All that will be requisite to add here, is about the Order and Greatness of these Commandments: for the Lawyer's Question, being, Which is the great Commandment in the Law? our Saviour told him, that the loving of God above all things, is the first and great Commandment and the loving our Neighbour as our selves, is the second, and like unto it : and that upon these two Commandments hang all the Law and the Prophets. Each of which will require a little Explication. And,

First, How is the Love of God faid to be the first Cc mmandment? Why, partly in Order of Time, and panlj in Order of Nature.

1st, I fay, 'tis so in Order of Time •, the Love of God being the sitft thing to be taught and learnt of all that come to him j for all true Religion begins with it, and is founded upon it: 'tis the first Step we are to make towards our Maker, and that will lead us on to all the other parts of our Duty and Obedience to him. He that begins betimes with the Love of God, will move on cheerfully after in the Ways of his Commandments : but he who is not touch'd with an unfeigned Love of him, will be still wandering in the By-paths of Sin and Iniquity. So that our first and principal Care should be, to set our Hearts right towards G0d, and to turn the Stream of our Affections to him 5 and that will keep us right ever after.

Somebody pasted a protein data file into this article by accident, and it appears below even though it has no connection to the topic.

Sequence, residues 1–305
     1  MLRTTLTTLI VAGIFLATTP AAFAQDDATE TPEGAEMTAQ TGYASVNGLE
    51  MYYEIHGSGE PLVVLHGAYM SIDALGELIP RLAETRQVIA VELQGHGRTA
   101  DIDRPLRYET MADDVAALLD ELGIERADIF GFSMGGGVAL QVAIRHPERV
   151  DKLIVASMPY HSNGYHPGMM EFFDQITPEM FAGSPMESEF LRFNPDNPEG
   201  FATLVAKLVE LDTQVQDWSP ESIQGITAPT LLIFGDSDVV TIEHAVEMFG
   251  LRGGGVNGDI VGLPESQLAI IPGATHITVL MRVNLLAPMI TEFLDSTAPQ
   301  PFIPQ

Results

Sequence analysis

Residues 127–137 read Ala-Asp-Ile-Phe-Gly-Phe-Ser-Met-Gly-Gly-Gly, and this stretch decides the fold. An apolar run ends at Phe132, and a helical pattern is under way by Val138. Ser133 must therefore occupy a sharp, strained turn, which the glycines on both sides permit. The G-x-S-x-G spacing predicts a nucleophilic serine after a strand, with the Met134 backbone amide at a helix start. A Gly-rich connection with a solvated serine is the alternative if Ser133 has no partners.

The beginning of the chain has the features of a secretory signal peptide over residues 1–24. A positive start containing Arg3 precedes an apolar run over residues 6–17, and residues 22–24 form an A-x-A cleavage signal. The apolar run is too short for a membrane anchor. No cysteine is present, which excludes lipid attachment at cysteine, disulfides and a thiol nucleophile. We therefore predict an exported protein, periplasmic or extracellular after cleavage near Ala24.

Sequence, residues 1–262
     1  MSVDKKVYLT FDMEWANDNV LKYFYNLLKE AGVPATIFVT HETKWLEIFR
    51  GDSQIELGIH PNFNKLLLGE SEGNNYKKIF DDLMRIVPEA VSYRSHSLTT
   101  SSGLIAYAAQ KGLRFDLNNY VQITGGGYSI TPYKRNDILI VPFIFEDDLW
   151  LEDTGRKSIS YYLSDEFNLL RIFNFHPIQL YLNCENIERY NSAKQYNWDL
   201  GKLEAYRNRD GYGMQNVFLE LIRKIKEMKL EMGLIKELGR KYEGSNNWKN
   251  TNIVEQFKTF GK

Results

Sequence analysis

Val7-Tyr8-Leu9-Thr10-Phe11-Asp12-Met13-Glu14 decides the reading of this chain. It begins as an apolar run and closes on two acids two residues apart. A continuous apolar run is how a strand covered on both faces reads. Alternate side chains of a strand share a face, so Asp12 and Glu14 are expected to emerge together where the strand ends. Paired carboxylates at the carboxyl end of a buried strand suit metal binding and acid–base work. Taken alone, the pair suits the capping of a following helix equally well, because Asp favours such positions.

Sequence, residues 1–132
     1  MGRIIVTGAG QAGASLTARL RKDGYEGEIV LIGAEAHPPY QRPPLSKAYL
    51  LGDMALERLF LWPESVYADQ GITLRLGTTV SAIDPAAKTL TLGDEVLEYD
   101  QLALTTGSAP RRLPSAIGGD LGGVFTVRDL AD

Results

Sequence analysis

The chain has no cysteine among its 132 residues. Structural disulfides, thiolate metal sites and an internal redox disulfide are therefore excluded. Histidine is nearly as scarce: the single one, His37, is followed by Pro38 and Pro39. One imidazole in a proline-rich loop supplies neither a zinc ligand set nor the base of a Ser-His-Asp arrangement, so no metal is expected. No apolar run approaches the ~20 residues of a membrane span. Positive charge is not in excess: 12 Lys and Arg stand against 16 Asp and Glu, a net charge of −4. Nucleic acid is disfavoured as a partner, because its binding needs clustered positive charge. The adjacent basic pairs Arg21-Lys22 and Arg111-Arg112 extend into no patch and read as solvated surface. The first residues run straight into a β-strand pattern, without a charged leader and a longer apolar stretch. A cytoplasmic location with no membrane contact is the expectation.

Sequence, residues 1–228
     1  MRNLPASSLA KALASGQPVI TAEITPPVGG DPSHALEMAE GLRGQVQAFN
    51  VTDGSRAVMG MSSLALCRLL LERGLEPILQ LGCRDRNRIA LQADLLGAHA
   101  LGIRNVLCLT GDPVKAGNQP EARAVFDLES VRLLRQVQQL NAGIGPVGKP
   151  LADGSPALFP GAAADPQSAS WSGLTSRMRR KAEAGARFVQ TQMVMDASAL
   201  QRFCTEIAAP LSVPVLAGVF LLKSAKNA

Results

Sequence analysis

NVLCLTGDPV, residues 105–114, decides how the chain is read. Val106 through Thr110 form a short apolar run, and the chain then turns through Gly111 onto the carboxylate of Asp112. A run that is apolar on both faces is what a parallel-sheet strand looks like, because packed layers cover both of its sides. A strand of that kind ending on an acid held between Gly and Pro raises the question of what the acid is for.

zdly, The Love of God is the first in Order of Nature, as being the Root and Spring of all other Vertues. He that truly loves God, will fear him above all things, will trust in all Conditions, will honour him in all his Actions, will worship him at all times, and in a word will serve and depend upon him in the whole Course of his Life. Al l these Vertues grow and thrive upon a Stock of Love; whereas he that wants or casts off the Love of his Maker, will soon feel a Decay in all these Graces, and become an utter Stranger and Enemy to the Ways of God: which should teach us to be rooted and grounded in Love, the First Commandment. But,